Tim Hayward, "Human Rights vs Property Rights"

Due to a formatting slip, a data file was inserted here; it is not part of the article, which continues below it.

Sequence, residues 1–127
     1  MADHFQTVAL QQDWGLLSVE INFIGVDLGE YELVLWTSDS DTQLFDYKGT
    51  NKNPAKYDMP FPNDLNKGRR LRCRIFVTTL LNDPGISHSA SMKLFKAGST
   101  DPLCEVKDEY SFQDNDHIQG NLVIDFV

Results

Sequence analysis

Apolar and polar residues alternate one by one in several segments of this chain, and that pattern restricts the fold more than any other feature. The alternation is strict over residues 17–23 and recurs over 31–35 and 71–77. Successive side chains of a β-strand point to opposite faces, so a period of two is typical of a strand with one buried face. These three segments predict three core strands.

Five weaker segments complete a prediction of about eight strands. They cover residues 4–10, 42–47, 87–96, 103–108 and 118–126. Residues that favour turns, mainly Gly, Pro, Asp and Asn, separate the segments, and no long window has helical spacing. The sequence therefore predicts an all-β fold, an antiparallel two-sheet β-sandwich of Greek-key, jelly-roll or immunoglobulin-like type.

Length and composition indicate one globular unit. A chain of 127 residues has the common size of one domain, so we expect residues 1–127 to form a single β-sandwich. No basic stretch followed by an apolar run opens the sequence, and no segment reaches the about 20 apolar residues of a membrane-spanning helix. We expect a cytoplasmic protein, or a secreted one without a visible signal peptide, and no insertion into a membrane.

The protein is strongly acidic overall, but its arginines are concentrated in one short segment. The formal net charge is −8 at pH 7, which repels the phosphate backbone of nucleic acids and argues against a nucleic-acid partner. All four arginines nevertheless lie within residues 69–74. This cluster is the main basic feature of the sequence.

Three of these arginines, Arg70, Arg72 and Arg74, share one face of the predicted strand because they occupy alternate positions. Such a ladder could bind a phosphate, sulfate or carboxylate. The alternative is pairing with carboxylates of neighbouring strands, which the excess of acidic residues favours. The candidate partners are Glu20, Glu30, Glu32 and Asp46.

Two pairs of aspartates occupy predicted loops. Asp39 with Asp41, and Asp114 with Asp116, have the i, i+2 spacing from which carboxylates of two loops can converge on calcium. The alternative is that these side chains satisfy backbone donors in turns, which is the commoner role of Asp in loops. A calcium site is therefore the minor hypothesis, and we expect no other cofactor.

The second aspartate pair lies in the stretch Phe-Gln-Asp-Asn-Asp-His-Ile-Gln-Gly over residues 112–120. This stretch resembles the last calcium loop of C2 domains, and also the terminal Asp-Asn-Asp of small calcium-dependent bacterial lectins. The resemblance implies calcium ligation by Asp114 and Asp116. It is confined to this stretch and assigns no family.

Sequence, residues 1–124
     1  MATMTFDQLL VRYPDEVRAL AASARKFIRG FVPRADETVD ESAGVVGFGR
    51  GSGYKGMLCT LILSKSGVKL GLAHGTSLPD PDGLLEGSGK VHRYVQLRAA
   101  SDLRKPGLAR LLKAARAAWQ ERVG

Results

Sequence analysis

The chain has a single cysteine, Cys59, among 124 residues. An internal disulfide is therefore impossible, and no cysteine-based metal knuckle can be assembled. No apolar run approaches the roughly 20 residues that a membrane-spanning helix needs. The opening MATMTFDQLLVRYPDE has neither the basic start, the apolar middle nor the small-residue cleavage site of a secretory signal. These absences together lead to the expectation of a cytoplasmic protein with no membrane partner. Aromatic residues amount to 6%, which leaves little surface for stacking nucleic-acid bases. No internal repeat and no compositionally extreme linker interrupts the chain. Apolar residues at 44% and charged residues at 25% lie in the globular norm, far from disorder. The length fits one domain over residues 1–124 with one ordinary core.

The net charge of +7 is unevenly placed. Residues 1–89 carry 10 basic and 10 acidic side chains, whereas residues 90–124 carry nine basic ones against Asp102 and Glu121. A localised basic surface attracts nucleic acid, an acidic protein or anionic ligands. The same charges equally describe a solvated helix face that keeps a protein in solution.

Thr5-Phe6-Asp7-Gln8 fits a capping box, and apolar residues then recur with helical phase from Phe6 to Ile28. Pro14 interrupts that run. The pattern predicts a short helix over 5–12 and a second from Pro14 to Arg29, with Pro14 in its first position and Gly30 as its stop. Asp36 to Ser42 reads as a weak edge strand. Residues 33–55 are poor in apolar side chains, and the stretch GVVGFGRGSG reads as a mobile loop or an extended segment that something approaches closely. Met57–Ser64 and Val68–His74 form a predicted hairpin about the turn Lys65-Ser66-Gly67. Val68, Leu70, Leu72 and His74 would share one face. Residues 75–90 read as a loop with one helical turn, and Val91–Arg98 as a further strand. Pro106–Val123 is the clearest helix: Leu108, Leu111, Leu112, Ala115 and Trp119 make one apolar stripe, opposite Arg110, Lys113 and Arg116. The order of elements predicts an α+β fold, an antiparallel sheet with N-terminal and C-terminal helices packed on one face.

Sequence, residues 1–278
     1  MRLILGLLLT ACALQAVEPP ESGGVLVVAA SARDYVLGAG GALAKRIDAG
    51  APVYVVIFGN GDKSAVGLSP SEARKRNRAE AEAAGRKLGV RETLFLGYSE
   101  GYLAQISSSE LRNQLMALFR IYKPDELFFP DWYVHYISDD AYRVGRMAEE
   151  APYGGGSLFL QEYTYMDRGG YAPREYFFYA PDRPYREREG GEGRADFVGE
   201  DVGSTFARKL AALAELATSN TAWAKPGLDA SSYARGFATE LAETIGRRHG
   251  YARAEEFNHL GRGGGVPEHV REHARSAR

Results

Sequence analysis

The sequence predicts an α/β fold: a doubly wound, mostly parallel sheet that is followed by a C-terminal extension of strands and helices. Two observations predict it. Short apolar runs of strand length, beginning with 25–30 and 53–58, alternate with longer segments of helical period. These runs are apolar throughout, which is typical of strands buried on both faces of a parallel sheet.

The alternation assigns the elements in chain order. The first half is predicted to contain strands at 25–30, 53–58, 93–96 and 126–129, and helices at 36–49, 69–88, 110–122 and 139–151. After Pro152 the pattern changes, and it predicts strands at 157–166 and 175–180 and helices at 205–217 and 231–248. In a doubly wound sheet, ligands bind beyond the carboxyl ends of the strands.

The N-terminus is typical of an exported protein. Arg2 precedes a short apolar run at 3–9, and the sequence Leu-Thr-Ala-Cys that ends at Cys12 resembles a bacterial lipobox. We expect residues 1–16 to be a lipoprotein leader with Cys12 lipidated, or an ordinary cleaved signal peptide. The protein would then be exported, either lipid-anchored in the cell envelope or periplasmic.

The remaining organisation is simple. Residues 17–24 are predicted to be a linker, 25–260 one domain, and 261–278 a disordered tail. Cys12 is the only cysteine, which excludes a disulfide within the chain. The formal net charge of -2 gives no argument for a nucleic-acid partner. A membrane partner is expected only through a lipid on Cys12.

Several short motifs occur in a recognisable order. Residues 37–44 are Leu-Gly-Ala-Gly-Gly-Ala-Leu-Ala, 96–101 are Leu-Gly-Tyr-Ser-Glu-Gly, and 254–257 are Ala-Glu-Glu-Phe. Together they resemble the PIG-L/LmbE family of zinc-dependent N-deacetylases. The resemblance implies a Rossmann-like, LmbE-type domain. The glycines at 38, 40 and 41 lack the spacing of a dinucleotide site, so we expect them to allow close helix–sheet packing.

This paper advances a contrast between human rights and mere rights of property in direct support of which no reasonable human rights argument can be advanced. The contrast is drawn by means of a set of separate distinctions that can be drawn in relation to rights; in each case we can reasonably refer to rights on one side as property rights and to those on the other as human rights. Recognizing that the distinctions may not always be straightforward to apply, however, I then also address claims that at least some property rights are human rights. There are three main types of claim. One is that sometimes the substantive ends of human rights require provision of positive property rights as an instrumental means to securing them, and a second is that a right to be recognized as a person capable of being a property owner can be defended on a human rights basis. The first kind of claim allows instrumental justification for specific rights of property in particular circumstances and the second can be characterized as justifying a procedural right. Both such justifications, appropriately applied, can succeed, but a third, I argue, cannot: this involves a claim that there is a general and substantive human right of property. I therefore conclude that we both can and should deny any such claim.